The Nightly News Nightmare: Media Coverage of U.S. Presidential Elections, 1988-2008

By Boyd-Barrett, Oliver | Journalism and Mass Communication Quarterly, Spring 2011 | Go to article overview

The Nightly News Nightmare: Media Coverage of U.S. Presidential Elections, 1988-2008


Boyd-Barrett, Oliver, Journalism and Mass Communication Quarterly


The Nightly News Nightmare: Media Coverage of U.S. Presidential Elections, 1988-2008. (3d ed.) Stephen J. Farnsworth and Robert Lichter. Boulder, CO: Rowman and Littlefield, 2010. 246 pp. $80 hbk. $24.95 pbk. $24.05 e-book.

The conclusion I draw from this updated edition of the classic work by Stephen Farnsworth and Robert Lichter, both of George Mason University, is that the free-to-air U.S. television networks long ago reneged on the deal implied but ill-articulated by the 1936 Communications Act that, in return for free access to publicly owned spectrum, these advertising-driven operations would deliver a news product that served citizenship and democracy.

There is no evidence that network television has gained from its dedication to mediocrity: The networks converted a 26percentage-point advantage over cable in 1992 to a 20% deficit in 2008, and they remain inept in attracting younger viewers. Yet the three evening newscasts continue to draw an overall audience of 25 million, so their miserable performance is a matter of great concern.

The authors' content analysis shows that media coverage of presidential elections is wretchedly inadequate and generally getting worse. The principal shortcomings are well known to readers of earlier editions: "horse-race" framing prevails over substance. There are significant problems of negativity, accuracy, and fairness. There is declining attention to candidates and excessive attention to the journalists who cover them - we hear much more from the reporters who, by 1992, were setting the tone of a story about 80% of the time, and failing to integrate the concerns and views of ordinary citizens. In 2008, two-thirds of all speaking time was allocated to journalists, with the remainder split between presidential and vice presidential candidates and other onair sources. Apart from reporters, barely any independent or nonpartisan individuals are heard.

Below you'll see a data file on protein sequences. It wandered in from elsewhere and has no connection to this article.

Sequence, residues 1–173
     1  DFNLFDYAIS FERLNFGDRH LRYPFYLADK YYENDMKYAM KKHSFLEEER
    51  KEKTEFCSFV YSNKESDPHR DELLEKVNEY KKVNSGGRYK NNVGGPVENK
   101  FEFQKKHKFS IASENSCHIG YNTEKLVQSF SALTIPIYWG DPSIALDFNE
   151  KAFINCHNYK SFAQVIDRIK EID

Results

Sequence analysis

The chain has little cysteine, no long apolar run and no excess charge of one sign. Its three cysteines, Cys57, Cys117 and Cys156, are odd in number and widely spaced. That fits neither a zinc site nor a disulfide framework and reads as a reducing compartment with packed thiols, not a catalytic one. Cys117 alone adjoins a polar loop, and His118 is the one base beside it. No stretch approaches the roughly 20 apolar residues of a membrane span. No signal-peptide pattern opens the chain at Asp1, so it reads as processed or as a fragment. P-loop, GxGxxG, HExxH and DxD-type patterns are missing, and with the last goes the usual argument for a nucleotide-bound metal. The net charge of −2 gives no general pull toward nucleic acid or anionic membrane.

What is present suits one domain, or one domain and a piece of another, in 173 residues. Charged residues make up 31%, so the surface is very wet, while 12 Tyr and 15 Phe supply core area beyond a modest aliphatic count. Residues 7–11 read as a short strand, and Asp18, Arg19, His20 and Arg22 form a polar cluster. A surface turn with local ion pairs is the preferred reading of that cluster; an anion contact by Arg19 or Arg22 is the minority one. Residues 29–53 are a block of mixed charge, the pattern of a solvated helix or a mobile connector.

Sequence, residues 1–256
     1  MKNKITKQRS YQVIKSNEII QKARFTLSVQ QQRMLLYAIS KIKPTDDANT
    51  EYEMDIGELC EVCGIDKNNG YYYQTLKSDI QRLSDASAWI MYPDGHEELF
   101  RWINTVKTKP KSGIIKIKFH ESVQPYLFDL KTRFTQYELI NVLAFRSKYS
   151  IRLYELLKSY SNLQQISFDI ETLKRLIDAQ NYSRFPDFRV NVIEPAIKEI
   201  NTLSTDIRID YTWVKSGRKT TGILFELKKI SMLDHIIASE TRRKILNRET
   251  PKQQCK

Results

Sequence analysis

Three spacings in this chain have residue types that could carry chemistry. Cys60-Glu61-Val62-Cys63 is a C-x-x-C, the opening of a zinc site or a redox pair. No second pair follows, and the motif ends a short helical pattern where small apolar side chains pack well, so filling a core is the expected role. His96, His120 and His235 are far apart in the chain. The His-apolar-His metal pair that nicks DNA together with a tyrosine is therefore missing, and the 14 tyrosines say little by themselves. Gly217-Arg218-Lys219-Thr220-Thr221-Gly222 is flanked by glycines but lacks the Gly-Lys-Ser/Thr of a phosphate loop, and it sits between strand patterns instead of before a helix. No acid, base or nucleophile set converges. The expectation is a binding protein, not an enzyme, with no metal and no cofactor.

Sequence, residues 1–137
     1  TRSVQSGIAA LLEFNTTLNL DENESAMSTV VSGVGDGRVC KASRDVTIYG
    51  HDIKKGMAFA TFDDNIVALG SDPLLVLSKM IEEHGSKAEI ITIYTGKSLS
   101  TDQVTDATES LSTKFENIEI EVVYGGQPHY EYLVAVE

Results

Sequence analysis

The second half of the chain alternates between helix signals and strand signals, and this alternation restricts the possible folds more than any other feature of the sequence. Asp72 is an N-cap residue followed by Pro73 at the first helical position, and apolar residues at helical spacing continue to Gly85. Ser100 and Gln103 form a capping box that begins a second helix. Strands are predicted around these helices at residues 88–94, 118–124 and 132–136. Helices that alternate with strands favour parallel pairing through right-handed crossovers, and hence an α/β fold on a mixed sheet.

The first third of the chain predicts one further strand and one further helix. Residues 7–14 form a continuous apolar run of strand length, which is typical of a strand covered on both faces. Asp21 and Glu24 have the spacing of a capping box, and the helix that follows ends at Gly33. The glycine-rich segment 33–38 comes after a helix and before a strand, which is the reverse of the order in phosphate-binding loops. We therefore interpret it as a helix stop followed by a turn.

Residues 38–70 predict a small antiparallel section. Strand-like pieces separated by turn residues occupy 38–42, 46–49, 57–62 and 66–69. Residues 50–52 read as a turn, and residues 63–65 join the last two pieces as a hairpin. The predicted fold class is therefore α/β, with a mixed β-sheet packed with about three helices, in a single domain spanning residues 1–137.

The networks compare unfavorably to many other media, notably PBS. The authors say that the "single most troubling finding" is the "massive chasm between what the campaigns say ... and what citizens learn about those campaigns from the networks." The vested interests themselves - the candidates and campaigns - manage to do a better job than the networks in responding to citizen demand for quality information. All candidates are framed by the media, and these simple media-created frames, however injudiciously constructed, tend to endure throughout campaigns in place of matters of substance: in effect, simple, often silly, frames reduce sweat for lazy journalists.

Over time, audiences have been told more and more about who is ahead in the polls and who is behind, rather than where candidates stand on the issues. Viewers consequently appear to know more about the races than about the issues. Even the principles of polling seem poorly understood by many journalists so that the one thing that newscasts do concentrate on, the contest, is often based on unreliable evidence. Viewers tend to support in greater numbers the candidate who reporters say is winning. A band-wagon effect makes it easier for the candidates who hold a lead to keep that lead, although sometimes front-runners attract more media scrutiny, which may turn negative.

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